Chapter 4 Notes - Chapter Four Atmosphere and Surface...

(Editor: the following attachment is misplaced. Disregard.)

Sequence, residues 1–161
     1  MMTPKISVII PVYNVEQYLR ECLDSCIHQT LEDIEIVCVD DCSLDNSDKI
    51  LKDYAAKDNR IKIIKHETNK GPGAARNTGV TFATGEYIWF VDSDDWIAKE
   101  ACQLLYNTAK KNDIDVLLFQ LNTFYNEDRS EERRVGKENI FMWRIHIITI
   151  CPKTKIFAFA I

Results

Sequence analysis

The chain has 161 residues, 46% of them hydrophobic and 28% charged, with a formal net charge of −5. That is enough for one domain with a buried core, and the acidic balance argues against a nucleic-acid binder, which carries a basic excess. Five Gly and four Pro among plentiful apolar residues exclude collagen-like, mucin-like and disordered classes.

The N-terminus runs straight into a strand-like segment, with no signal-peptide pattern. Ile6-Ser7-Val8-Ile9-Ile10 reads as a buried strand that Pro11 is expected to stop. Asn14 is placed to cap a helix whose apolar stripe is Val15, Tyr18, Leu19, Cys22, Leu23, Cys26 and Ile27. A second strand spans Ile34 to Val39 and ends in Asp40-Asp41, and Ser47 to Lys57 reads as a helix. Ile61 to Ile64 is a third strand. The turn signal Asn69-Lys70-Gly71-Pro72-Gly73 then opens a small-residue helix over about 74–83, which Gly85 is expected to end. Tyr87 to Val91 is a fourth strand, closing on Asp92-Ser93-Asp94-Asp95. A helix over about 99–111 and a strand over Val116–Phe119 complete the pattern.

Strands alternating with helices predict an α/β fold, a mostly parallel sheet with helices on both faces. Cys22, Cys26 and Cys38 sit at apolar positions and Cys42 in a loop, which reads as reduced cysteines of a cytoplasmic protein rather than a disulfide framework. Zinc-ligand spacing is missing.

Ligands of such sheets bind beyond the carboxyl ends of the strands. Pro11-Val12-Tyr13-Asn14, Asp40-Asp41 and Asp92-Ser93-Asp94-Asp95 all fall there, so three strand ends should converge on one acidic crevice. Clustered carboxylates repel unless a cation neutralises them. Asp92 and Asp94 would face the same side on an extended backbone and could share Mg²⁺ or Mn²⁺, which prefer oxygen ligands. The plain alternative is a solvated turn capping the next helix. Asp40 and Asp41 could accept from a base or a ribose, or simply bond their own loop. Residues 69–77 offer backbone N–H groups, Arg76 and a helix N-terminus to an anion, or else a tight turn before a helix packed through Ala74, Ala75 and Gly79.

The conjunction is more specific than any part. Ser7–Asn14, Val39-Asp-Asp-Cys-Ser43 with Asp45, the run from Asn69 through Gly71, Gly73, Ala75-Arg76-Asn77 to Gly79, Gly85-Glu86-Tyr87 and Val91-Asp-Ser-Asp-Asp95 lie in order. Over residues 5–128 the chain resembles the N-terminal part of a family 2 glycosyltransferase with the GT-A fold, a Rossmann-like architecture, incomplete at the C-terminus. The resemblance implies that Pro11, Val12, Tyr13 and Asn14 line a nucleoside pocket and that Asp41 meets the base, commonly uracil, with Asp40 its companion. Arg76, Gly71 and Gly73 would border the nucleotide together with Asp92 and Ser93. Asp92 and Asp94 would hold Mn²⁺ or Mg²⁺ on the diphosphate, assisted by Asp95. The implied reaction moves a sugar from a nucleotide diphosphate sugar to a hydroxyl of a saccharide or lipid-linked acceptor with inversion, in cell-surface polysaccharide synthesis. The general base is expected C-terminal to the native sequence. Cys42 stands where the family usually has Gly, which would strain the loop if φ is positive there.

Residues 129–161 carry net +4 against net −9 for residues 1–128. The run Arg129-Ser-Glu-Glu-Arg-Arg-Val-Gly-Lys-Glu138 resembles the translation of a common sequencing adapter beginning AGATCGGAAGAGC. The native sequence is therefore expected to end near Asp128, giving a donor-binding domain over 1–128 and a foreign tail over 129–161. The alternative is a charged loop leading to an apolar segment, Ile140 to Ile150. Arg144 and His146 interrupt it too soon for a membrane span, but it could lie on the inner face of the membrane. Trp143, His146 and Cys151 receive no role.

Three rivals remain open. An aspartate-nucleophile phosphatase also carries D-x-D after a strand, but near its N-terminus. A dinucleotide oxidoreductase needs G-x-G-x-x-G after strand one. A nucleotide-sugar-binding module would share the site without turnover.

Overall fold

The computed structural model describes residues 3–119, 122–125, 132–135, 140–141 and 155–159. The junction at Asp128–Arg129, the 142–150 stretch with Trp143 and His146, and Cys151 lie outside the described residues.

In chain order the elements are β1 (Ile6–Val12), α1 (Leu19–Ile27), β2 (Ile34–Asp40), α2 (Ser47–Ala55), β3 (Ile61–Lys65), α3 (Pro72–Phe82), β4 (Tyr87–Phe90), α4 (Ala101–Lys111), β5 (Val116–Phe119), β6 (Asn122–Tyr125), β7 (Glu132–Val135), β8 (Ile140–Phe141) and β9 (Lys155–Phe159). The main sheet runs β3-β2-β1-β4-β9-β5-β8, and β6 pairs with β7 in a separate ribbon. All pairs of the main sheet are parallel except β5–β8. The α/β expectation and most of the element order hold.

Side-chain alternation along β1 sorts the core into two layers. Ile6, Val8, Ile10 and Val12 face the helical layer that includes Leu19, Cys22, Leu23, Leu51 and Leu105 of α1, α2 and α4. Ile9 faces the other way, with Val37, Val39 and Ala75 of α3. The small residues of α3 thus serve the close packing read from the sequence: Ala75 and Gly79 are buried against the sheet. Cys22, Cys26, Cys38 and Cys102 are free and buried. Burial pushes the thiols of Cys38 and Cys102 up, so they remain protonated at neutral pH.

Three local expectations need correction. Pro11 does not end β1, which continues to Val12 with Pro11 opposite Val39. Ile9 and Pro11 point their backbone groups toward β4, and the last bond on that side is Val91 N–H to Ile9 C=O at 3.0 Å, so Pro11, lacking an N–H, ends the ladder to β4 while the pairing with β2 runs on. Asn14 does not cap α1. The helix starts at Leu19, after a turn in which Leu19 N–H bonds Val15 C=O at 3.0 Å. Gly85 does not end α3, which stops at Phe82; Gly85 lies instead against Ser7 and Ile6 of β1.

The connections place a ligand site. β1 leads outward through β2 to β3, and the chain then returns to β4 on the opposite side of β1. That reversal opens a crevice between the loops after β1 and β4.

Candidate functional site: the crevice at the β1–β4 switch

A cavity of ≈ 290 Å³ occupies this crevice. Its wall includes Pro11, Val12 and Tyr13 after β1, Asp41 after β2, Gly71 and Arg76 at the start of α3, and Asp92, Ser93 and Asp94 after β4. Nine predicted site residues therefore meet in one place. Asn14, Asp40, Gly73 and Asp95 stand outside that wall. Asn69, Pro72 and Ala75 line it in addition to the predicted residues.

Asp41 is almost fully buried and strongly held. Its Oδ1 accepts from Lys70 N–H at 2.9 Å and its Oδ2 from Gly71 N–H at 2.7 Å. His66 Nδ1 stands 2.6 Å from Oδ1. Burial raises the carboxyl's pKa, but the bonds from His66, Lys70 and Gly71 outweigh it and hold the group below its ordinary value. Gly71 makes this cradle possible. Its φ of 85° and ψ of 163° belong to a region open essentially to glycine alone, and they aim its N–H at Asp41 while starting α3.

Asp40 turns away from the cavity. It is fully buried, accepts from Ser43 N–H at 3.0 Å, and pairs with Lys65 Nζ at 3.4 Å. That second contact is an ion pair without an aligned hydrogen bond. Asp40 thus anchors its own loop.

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Chapter Four: Atmosphere and Surface Energy Balances Energy Essentials The flows of energy are manifest in swirling weather patterns, powerful oceanic currents, and the varied distribution of vegetation. Specific energy patterns differ for deserts, oceans, mountaintops, plains, rainforests, and ice covered landscapes. The presence or absence of clouds may make a 75% difference in the amount of energy that reaches the surface because clouds reflect incoming energy. Energy Pathways and Principles Solar energy heats Earth’s atmosphere and surface is unevenly distributed by latitude, and fluctuates seasonally. Transmission – the passage of shortwave and long wave energy through either the atmosphere or water. Our budget of atmospheric energy comprises shortwave radiation inputs and long wave radiation outputs that pass through the atmosphere by transmission. Insolation Input – single energy input driving the Earth-atmosphere system. Decreases pole-ward from about 25 degrees latitude in both the Northern and Southern Hemispheres. Greater insolation occurs in low latitude deserts worldwide because of frequently cloudless skies. Scattering (Diffuse Radiation) Insolation encounters an increasing density of atmospheric gases as it travels toward the surface. Atmospheric dust and gases physically interact with insolation. The gas molecules redirect radiation changing the direction of the lights movement without altering its wavelengths. This phenomenon is known as scattering. ^ It represents 7 percent of the earth’s reflectivity or albedo. Dust particles pollutants, ice, cloud droplets, and water vapor produce further scattering. Blue Sky – Rayleigh scattering. The shorter wavelength, the greater the scattering and the longer wavelength the less the scattering. Small gas molecules in the air scatter shorter wavelengths of light. The shorter wavelengths of visible light—blues and violets—scatter the most and dominate the lower atmosphere. A sky filled with smog and haze appears almost white because the larger particles associated with air pollution act to scatter all wavelengths of visible light. The angle of the suns rays determines the thickness of atmosphere they must pass through in order to reach the surface. Direct rays from overhead experience less scattering and absorption than do low oblique angle rays that must travel farther through the atmosphere. Insolation from the low altitude sun undergoes more scattering of shorter wavelengths, leaving only the residual oranges and reds to reach the observer at sunset or sunrise.
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